When I started pursuing photography professionally four years ago, I had no professional training and attending school wasn’t realistic. I turned my focus to the next best thing: BOOKS. I bought lots of books, studying most nights over the next few years–I still reference them to this day. I had my camera everywhere I went, like an extension of my arms. I find the business side of photography to be complex, and even now I am still learning to navigate the complexity of management, accounting, and building my clientele. The true blessings of this journey are the new connections and friendships I have made. I have had the opportunity to work for some business clients, they include Hello! Destination, WIN Bubble Tea, and SmartShoot.


Where do you find the inspiration to produce the right poses for such a wide variety of subjects—newborns, families, children, seniors, couples, maternity shots—and make them all look so beautiful?

Working on a variety of projects both challenges me and keeps me focused. Every project is an opportunity to highlight my ability as a dynamic photographer to create memories for my clients. Before each project, I try to learn as much as I can about my client. Building a relationship is so important to a successful photo shoot. If I sense that something does not work during the shoot, we move on to the next thing. I like storytelling, so when given the opportunity, my purpose is to capture people in a way that has a beginning, middle, and ending just like when flipping through a picture book.


What is it about South 40 that lends itself to presenting the right background for so many types of shoots?

I love everything about South 40. It is a beautiful, clean canvas for all sorts of imaginations. I also find Ann and Jeff very pleasant to work with, and every experience with them has been positive. They complete South 40, and their personalities and knowledge are what makes South 40 different from other locations. I especially like the creek at South 40, the old RV tucked away in the weeds, the sunflower and open fields, and the new White House. I can’t say that I like one more than the others because they each have a uniqueness to them.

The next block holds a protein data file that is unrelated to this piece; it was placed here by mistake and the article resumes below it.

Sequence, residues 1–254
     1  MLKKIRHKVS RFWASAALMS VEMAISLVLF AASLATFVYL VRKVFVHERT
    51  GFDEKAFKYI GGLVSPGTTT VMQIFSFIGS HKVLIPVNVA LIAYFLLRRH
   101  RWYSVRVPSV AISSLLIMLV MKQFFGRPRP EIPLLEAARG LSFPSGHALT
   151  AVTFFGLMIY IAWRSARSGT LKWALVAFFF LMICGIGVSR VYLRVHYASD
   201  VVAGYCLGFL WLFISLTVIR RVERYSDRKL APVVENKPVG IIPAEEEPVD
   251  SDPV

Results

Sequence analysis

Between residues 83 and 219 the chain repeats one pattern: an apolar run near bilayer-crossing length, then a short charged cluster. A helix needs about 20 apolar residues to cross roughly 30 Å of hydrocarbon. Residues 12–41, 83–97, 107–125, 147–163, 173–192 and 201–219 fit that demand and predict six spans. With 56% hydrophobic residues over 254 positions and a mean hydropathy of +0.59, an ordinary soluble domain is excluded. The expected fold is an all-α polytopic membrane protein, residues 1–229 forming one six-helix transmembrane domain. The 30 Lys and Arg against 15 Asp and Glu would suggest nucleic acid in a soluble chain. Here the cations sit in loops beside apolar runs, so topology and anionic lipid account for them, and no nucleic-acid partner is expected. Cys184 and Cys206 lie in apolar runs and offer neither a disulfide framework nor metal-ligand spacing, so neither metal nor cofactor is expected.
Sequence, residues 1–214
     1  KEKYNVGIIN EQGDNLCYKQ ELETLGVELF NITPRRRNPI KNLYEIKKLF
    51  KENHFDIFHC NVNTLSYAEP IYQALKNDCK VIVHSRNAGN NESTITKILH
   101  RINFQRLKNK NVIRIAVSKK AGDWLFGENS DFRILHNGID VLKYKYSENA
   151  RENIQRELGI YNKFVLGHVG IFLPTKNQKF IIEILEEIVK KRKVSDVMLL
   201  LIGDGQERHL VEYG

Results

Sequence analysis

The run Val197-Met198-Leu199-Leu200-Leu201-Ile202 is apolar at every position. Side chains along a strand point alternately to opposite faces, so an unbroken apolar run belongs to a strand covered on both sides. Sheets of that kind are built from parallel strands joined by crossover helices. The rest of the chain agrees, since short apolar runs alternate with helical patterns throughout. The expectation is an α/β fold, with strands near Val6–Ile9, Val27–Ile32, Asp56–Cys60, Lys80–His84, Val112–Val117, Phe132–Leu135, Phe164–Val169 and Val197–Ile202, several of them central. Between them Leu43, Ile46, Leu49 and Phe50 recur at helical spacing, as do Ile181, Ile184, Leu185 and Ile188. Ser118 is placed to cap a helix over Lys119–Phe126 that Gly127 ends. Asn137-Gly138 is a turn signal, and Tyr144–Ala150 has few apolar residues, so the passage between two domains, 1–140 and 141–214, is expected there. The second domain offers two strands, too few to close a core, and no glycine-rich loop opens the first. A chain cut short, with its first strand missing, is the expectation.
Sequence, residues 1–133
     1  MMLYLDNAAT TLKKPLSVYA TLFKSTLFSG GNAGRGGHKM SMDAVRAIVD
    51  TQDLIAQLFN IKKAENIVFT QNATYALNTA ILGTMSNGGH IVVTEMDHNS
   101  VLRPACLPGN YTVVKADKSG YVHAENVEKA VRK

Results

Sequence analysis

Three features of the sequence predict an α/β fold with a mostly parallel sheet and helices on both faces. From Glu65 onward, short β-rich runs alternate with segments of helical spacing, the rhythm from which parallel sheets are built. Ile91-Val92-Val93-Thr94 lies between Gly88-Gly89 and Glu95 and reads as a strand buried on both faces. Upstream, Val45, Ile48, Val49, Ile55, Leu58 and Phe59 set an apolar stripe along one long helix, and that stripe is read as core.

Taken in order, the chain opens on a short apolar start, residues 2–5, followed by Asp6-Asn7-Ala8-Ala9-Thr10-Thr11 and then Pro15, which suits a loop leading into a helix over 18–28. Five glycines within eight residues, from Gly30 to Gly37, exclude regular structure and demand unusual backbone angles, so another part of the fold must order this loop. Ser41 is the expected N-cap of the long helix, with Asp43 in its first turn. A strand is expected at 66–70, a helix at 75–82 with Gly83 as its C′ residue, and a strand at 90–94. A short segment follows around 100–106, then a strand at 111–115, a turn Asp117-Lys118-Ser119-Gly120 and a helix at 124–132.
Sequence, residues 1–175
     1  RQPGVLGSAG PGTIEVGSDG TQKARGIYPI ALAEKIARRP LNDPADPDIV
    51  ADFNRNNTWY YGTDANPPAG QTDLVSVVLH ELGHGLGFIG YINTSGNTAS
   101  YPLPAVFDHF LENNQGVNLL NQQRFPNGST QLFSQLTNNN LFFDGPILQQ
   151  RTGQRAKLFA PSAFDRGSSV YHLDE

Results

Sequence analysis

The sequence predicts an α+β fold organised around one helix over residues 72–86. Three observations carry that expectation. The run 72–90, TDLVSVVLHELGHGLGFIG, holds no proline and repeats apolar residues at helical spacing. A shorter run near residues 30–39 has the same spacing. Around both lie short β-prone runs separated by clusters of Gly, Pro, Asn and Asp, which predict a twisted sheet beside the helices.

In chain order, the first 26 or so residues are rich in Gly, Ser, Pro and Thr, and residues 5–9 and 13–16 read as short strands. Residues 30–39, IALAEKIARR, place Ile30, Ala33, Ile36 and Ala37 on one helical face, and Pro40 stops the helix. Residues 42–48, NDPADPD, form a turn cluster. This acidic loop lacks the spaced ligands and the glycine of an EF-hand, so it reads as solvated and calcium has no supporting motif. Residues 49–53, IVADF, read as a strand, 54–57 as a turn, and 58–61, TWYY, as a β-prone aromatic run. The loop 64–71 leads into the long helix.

What do you think of the new White Room and how do you think you might utilize it this holiday season?

The White Room is beautiful and a fantastic addition to an already gorgeous location! I have already used it for several shoots and look forward to being back at South 40 during the most beautiful time of year: Christmas. The White Room is furnished beautifully, but I find the area around windows to be the most fun. When framed well, photos shot here come out absolutely beautiful.


What camera did you use in your last photo shoot at South 40–camera, lens type, lighting, any other specific items which made the shoot more successful?

I usually pair my D6 Mark II with the 24-70mm and my D5 Mark IV with the 70-200mm. I use a large aperture 70% of the time. A shallow depth of field makes an image more personal and intimate.

I used to bring all my gear with me to every project, but soon found that I didn’t use most of them. When I did bring all my gear with me, I found myself pausing my sessions often trying to incorporate those gear into the shoot. I realized it slowed me down, forcing the client to stop and wait and interrupting the flow of the shot, so I no longer carry all that gear. Sometimes I will bring a flash and a small reflector but only if I know that I will be needing it. For example, if I am shooting portraits or headshots, I will bring with me a reflector as well as a flash. A flash helps eliminate shadows. A secret weapon of mine is a portable ladder–I am only 5’1”.


With a huge growth in the industry, what tips and tricks can you give aspiring creative professionals to help them stand out in the field? What is a long-term photographer “dream” you want to fulfill?

Photograph what you love the way you love it, even when it’s not perfect. If it speaks to you, it will speak to someone else too. And practice, practice, practice. Give yourself grace, never stop learning, and look for the light first! My dream is–when my children are grown–to one day travel to developing countries and photograph life as it is lived.